Amongst my family and friends, I’m famously disorganised. I’m late to birthdays, dinners – even my own year 12 formal.
My latest attempt to defy these expectations was to try out the simple pen-and-paper system that is currently sweeping the world – the Bullet Journal (or BuJo, has adherents call it. Because BJ was, you know, taken.)
The method was devised by an American digital product designer by the name of Ryder Carroll. Touted as “the intersection of mindfulness and productivity”, the only tools you need to start a Bullet Journal are a pen and notebook.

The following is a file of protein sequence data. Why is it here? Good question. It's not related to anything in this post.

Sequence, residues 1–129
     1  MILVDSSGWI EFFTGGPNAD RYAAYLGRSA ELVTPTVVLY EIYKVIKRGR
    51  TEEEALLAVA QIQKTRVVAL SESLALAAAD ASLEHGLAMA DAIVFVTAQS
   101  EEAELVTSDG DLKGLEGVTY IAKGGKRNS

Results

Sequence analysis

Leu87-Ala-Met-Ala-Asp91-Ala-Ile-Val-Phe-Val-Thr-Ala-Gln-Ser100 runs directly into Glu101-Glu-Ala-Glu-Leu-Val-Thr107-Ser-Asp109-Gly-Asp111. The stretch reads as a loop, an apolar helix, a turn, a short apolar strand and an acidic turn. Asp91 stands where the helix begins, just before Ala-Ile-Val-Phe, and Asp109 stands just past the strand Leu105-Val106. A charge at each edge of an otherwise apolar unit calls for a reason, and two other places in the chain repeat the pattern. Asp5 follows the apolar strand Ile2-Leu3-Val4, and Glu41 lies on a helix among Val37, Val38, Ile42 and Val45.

I was intrigued from my first glimpse. And after a solid month of daily Bullet Journaling, I am one hundred percent converted.
There’s a bit of a learning curve with the Bullet Journal method. It’s not steep, but it’s there. I’ll try to explain it as briefly as possible.
You start by setting up a Future Log (an outline of the next six months, spread over two pages) a Monthly Log (an outline of the next month) and a Daily Log. The Daily Log is what you’ll be using most.
To set it up, you just flip to the next blank page, write today’s date, and start planning…